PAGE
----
The conversational style that blogs adopt means that more emotions get filtered through. Read, re-read your posts to make sure that your tone of language is not overly harsh/critical/emotional. The easiest solution I can think of is when truly in doubt, get someone else to read what you’ve written and see if it elicits any warning bells.

#2 The tools of creation are increasingly in everyone’s hands + #3 We can make what we create widely accessible
Power comes from being able to control the tools of production. Singaporeans can now take their opinions online and have a worldwide audience, not just local.
This is important for us because other people around the world get access to our thoughts, and can contribute experiences of their own. We are a very young country and can learn a lot from citizens where a more mature system of democracy, or “liberal traditions” are in place. We have to be willing to admit that sometimes, what we feel and think might be myopic in the grander scale of things. Opinions from sources overseas who are distanced from any vested interests are great for getting a sense of balance.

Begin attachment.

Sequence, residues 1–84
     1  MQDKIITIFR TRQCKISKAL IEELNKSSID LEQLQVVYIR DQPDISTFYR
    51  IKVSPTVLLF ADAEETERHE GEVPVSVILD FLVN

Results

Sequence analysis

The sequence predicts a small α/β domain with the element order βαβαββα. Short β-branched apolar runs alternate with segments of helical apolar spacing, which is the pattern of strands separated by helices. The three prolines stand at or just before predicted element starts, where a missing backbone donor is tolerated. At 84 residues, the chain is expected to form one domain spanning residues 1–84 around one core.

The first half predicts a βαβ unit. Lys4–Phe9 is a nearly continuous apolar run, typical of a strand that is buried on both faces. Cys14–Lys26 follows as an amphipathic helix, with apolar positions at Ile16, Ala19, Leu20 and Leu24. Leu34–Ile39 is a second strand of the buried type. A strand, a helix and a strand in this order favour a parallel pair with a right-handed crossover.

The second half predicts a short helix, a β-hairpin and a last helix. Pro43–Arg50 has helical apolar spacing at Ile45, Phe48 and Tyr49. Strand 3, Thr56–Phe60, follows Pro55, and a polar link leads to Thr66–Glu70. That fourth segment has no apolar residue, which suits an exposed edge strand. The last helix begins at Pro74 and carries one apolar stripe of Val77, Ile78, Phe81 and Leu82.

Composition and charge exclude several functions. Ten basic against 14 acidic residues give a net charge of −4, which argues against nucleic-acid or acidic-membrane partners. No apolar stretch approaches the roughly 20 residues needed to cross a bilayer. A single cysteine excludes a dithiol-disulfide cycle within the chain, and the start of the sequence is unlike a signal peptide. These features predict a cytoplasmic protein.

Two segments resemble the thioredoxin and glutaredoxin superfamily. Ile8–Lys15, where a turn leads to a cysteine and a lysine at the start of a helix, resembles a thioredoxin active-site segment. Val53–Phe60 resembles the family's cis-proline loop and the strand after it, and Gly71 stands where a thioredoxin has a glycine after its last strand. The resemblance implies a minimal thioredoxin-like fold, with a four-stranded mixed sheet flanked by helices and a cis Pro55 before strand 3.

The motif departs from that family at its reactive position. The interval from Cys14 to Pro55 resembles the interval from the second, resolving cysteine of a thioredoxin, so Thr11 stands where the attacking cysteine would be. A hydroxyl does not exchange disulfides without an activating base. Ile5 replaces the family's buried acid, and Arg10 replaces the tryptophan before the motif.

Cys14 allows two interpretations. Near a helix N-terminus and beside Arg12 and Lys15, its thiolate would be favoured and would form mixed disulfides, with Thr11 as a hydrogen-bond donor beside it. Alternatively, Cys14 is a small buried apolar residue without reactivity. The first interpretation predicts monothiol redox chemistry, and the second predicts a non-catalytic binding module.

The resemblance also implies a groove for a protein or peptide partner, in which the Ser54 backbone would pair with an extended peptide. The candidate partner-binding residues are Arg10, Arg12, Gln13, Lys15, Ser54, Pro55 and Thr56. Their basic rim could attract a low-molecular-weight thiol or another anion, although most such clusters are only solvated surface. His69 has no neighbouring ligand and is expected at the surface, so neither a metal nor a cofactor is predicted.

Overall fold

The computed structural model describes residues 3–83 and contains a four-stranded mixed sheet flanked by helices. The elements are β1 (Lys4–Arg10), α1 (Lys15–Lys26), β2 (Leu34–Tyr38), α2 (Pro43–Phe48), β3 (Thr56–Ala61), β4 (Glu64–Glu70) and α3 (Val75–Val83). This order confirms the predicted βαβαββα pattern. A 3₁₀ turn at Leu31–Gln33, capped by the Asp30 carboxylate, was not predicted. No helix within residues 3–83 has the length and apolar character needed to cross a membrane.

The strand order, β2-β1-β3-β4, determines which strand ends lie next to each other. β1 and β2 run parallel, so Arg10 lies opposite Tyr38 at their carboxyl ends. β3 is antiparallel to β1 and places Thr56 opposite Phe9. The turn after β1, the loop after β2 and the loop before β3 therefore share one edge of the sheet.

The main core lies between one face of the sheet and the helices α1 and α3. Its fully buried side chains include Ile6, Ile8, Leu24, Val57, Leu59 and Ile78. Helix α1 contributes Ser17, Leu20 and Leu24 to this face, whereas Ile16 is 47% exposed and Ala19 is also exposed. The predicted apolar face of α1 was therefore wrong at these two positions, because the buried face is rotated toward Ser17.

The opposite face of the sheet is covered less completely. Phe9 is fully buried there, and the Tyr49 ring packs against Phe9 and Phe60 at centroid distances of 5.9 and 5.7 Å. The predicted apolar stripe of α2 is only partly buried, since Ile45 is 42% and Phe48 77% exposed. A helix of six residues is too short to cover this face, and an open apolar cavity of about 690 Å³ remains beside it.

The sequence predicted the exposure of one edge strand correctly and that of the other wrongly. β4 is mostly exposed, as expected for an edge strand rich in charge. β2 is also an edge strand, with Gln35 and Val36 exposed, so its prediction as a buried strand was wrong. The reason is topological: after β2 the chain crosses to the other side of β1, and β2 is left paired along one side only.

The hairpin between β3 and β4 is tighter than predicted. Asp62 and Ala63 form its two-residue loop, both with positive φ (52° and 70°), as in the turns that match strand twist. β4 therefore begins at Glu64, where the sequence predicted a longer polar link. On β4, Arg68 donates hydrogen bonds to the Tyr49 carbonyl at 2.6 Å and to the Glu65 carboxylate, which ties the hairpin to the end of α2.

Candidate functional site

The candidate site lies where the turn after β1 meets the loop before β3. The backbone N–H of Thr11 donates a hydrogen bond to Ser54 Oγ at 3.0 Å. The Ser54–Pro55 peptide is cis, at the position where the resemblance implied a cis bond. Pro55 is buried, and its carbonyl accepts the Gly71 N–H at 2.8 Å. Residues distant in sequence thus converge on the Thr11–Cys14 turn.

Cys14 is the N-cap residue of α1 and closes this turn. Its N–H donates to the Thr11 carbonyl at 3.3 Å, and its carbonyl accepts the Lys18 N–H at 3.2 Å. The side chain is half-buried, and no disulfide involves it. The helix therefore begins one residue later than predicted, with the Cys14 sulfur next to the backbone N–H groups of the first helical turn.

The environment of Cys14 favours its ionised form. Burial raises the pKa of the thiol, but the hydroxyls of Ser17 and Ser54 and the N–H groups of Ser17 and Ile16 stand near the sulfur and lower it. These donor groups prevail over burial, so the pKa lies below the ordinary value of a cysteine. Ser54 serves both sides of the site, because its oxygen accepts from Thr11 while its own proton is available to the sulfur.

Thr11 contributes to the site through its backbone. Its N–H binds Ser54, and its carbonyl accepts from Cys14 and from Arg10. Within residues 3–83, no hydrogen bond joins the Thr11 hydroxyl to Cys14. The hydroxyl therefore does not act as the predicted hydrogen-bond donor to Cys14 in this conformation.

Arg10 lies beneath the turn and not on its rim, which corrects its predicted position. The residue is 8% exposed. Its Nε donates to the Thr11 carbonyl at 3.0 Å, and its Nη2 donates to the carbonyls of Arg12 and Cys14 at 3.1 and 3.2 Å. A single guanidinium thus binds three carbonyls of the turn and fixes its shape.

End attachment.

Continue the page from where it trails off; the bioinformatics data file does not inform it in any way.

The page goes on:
#4 The Concept of being Collaborators
We effectively become collaborators, with anyone in the world. We can find like minded people (not just in a local context), but also off our shores. This sets up a great foundation for brainstorming, and the “education” that Gillmor advocates can finally take place.

#5 Being Skeptical + #6 Going outside the Comfort Zone
Citizens need to become aware of something other than what’s happening locally. Once there is this awareness, perspectives change. It may lead to perhaps more demands on accountability and transparancy, more freedom of press. It could manifest in many other different ways.

If we are to move from an economy driven by mere efficiency to innovation, we need this increased sense of awareness of what is truly happening in the world. To learn how to be discerning about what we read, to understand that it is not enough to just depend on a single source for our “news”, and that combining this knowledge with other credible global sources helps to give a more balanced viewpoints, upon which we can make better decisions on.